Real Estate Litigation Articles

Seller’s existing mortgage can be superb marketing tool

By Bob Aaron
Toronto Star contributing columnist.
Bob Aaron

Bob Aaron

August 5, 2000

Seller’s existing mortgage can be superb marketing tool


When sellers and their agents list a property for sale, they often overlook an item that’s a superb marketing tool and that could add thousands – even tens of thousands – of dollars to the value of the house.

That item is the vendor’s existing mortgage.

The following is a true story. It took place last month and although the names have been changed, everything else is true.

Brad and Jennifer wanted a property in the trendy Lawrence Ave. E. area between Mt. Pleasant and Bayview. They had been looking for a long time in this year’s heated spring market when a house came up for sale in a very popular area subdivision.

Built in 1929, the house is a detached two-storey, three-bedroom, with a sunroom added on at the back. It had been updated with thousands of dollars in renovations.

Under “existing financing” the listing showed “treat as clear,” which means the vendors will pay off the existing mortgage from the sale proceeds. Houses like this were in short supply in March of this year, and there were multiple offers. Originally listed in the mid-$400,000s, it eventually sold to Brad and Jennifer for $13,000 higher than the asking price.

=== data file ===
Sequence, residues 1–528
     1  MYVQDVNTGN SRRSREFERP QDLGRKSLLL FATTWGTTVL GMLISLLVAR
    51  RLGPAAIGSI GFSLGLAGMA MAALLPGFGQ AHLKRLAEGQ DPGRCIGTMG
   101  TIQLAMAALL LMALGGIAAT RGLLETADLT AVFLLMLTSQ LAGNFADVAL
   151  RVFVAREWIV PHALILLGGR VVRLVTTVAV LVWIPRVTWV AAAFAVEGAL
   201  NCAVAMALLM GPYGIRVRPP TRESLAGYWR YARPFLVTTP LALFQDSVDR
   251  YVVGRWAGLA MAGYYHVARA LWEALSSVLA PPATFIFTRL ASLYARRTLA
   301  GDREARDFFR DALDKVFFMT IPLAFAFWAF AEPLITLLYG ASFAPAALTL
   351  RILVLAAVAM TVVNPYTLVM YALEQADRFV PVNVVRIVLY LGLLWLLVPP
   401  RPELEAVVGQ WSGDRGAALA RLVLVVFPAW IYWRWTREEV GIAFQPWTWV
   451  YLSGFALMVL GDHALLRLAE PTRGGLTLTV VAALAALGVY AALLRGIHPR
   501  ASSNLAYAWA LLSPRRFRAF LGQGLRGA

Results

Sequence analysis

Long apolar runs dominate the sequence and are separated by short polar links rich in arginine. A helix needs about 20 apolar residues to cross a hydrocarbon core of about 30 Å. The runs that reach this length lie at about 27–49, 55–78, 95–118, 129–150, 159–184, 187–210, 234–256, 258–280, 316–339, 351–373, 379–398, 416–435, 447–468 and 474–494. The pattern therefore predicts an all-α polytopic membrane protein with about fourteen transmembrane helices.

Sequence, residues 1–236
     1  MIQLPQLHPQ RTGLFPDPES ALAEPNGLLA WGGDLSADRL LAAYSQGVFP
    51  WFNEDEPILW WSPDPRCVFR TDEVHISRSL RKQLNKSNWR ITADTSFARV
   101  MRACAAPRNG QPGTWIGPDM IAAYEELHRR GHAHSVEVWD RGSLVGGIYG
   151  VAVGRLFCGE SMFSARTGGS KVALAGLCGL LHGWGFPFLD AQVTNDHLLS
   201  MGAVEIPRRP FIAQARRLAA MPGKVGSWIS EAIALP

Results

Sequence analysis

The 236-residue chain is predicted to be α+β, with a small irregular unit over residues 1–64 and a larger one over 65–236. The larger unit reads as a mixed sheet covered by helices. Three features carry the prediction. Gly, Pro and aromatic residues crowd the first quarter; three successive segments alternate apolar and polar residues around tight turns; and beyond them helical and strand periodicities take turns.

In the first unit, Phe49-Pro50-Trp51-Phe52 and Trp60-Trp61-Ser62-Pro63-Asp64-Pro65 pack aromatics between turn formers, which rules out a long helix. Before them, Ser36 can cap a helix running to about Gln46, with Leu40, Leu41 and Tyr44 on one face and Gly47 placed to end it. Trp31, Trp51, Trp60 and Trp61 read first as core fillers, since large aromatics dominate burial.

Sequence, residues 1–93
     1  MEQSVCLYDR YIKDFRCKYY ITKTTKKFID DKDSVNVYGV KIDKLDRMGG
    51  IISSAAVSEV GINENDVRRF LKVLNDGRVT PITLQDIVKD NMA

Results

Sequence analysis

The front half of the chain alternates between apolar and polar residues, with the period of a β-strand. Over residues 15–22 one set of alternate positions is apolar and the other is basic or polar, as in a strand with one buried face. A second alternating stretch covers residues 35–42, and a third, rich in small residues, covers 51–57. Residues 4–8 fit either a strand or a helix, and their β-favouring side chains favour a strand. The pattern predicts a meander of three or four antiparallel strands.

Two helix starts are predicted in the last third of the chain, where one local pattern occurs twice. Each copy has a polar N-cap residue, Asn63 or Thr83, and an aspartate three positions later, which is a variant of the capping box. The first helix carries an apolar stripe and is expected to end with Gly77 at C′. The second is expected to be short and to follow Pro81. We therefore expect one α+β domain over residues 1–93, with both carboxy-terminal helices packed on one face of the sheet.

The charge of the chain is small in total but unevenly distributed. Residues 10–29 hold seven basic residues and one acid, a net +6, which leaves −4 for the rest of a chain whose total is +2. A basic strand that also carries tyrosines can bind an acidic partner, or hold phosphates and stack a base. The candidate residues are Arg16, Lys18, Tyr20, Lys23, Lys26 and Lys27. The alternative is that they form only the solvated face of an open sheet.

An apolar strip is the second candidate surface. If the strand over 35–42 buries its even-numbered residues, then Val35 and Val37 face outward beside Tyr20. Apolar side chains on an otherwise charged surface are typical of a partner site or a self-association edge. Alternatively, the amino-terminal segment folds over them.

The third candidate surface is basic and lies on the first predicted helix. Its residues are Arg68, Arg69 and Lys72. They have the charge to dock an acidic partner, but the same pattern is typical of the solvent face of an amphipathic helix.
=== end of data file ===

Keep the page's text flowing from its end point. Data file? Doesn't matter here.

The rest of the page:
The purchasers had a large down payment as they prepared for the closing. They arranged a first mortgage for $240,000 running for five years with interest at 7.25 per cent. When we met in my office a few days before closing, I pointed out to them that the vendors had a $207,000 mortgage at 5.95 per cent.

The vendors were paying off the mortgage on their house and were about to incur a $3,000 penalty to do so. In checking the terms of the vendors’ mortgage, I realized that it was assumable – it did not have to be paid off but could be taken over by a new owner.

I asked the purchasers whether they would be interested in taking on the existing 5.95 per cent mortgage rather than keeping their newly arranged mortgage at 7.25 per cent. Since their new mortgage was $240,000 and the vendor’s financing was only $207,000, Brad and Jennifer would have to come up with an extra $33,000 in cash, but they said it would not be a problem. Although the existing mortgage had only four years to run instead of five, and there was a certain risk in interest rates being higher during the fifth year, I calculated that the savings in interest over the first four years would exceed $10,000 in after-tax dollars. At the purchasers’ marginal tax rates, this saving amounted to more than $20,000 in gross earnings during that period. (A marginal tax rate is the percentage of tax paid on the last or highest dollar of earned income.)

In addition, I pointed out to Brad and Jennifer that if they took over the existing mortgage, it would save the vendors the $3,000 penalty – which they would probably be willing to split with the purchasers. For Brad and Jennifer, this was a no-brainer.